• Herd Immunity Interview of Dr. Rensimer - May. 8, 2021

    Read More

  • Rabies: Tragically, It Happens… And Is Preventable - Jan. 18, 2018

    Read More

Connect With Us

Hepatitis B


  1. Hepatitis B is NOT easily acquired. It is a body fluid/bloodborne virus, and so vaccination is considered in special travel circumstances,
    1. When unsafe sex is practiced
    2. Where exposure to re-used, blood contaminated medical equipment and blood products for transfusion is possible through local medical care
    3. Where work assignment might expose one to wounds and body fluids of co-workers
  2. Blood tests can be done prior to vaccination to see if Hepatitis B vaccine is needed.


Disease: Inflammation of the liver by hepatitis B virus. Like hepatitis A, adults often (50%) are quite ill, but not children. Unlike hepatitis A, a substantial percentage of hepatitis B virus infections cause chronic disease.

Acute (short-term) Illness:

  1. Fever
  2. Poor Appetite
  3. Muscle/Joint Aches
  4. Abdominal Pain
  5. Nausea
  6. Diarrhea
  7. Jaundice (yellow eyes, skin, urine)
  8. Fatigue

Average incubation is 90 days (range 60-150 days).

Chronic Illness: Cirrhosis (liver damage)

  1. Liver cancer
  2. Death
  3. Chronic hepatitis B virus carrier (infectious to others)



  • Worldwide, but more so in developing countries



  • Body Fluids (blood, sexual)
  • Hepatitis B virus can live on a contaminated object up to 7 days (razor blades, toothbrushes, needles, etc).
  • Blood transfusion products


Special Risk Groups

  1. Travelers
  2. Prolonged stay or frequent travel
  3. New sexual contact(s) during trip
  4. High potential for medical or dental care in local facilities
    1. Travelers with underlying medical illness/conditions
    2. Traveling to obtain medical/dental services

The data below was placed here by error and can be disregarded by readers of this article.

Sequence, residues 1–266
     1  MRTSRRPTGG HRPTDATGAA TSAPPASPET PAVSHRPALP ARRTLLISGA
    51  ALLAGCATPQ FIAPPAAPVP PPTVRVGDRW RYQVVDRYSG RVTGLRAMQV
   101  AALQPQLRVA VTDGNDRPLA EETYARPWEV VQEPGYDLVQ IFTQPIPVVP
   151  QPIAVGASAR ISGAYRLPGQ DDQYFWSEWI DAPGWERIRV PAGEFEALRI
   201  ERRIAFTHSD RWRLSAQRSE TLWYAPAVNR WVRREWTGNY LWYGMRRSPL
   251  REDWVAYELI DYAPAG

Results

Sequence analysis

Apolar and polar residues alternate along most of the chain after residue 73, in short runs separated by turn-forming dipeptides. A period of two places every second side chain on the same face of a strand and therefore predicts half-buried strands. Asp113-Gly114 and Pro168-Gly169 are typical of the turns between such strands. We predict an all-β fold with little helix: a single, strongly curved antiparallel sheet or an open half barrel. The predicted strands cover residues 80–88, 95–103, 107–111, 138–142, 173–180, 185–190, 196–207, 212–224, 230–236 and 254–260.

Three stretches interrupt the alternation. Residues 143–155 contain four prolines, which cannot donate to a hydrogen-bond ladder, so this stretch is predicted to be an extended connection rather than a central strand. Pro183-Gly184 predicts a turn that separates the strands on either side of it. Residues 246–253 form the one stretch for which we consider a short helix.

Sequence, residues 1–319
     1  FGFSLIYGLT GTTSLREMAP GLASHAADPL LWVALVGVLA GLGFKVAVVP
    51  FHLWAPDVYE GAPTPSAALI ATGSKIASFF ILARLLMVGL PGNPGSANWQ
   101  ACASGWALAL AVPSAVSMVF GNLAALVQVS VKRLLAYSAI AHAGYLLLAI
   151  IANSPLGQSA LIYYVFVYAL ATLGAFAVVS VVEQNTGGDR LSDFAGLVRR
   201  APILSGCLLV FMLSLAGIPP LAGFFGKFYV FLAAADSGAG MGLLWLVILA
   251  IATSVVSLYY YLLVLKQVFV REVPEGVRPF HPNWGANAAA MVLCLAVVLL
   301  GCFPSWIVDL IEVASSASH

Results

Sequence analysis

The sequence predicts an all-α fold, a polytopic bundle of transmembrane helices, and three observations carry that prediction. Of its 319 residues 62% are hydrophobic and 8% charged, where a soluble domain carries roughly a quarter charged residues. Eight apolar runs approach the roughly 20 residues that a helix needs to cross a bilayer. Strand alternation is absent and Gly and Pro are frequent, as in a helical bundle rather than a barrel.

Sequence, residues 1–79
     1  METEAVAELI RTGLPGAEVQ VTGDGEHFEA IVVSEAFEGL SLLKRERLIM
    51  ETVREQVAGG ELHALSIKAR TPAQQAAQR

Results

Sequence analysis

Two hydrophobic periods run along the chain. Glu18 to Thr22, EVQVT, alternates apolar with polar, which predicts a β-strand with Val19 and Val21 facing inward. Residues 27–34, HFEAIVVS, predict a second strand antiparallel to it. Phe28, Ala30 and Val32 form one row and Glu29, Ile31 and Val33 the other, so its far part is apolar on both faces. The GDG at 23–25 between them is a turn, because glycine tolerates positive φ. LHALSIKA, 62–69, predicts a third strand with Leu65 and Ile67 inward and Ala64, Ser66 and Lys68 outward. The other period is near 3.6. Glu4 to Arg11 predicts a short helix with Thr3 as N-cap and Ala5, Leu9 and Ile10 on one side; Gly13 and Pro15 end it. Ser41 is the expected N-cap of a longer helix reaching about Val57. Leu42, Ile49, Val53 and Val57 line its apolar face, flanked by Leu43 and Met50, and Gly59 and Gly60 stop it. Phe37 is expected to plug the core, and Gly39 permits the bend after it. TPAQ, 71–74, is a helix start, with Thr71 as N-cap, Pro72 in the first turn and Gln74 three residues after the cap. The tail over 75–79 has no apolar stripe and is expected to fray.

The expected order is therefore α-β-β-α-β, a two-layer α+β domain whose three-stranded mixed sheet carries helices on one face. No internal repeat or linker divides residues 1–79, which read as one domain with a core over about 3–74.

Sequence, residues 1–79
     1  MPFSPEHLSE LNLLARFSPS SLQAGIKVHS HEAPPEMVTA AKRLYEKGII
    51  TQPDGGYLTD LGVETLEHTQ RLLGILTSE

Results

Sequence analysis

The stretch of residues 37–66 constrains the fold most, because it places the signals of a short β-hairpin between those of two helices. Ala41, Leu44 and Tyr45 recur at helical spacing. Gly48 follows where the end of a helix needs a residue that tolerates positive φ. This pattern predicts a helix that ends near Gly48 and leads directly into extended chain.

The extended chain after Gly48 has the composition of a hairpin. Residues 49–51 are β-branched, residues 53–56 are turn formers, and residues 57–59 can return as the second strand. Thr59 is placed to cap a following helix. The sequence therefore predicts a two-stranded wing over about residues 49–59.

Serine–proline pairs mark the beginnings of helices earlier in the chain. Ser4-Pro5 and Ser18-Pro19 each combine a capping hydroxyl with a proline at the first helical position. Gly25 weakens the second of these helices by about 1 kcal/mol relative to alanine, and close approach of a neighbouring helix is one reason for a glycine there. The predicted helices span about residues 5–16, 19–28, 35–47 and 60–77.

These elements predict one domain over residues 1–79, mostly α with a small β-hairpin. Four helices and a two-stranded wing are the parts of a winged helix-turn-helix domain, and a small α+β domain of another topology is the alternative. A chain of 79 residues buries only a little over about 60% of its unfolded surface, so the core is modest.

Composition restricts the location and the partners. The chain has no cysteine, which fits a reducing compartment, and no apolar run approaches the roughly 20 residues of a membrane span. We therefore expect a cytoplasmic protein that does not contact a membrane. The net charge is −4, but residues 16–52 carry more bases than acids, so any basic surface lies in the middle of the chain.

3. Adventure travelers
    4. Travelers using local public transportation extensively
    5. Travelers receiving tattoos, acupuncture, or body-piercing
  5. Healthcare workers



  • Antiviral drugs for hepatitis B virus



  1. Avoid casual sexual contact.
  2. Use latex condoms and vaginal spermicidal jelly for intercourse.
  3. Never share needles, razors, toothbrushes, or medical equipment, like diabetic lancets.
  4. Avoid tattoos, body-piercing, acupuncture.
  5. Avoid medical/dental care abroad, especially involving needles, IV lines, surgery, blood product transfusions.
  6. Hepatitis B virus Vaccine,
    1. The Vaccine
      1. 3 doses: day 1, day 30, then 6-12 months after 1st dose
      2. Optimally complete first 2 doses a month before travel.
      3. If suffering from a moderately severe illness, delay vaccination until recovered.
      4. Some hepatitis B virus vaccine products can cause reactions in those allergic to neomycin, yeast, aluminum, 2-phenoxyethanol, or formalin.
      5. Possible side-effects: Injection site soreness, fever, headache, nausea (all uncommon and brief)
    2. Targeted groups,
      1. International travelers with recurrent travel or prolonged stays in developing countries
      2. Households adopting children from high prevalence hep B countries (check hepatitis B virus status of child with testing)
      3. Chronic liver disease patients
      4. End-stage kidney disease (dialysis)
      5. Solid organ transplant candidates
      6. HIV positive
      7. Mentally retarded who are institutionalized
      8. Homosexuals
      9. Sexually polygamous
      10. Healthcare workers or other jobs with body fluid exposure (first-responders)
      11. Diabetics

Access the VIS Sheet here

How do I schedule an appointment?
Online: Schedule an Appointment.
Call Us: (713) 550-2000 A customer service representative will help you choose an appointment time, and can forward any documents you will need to complete.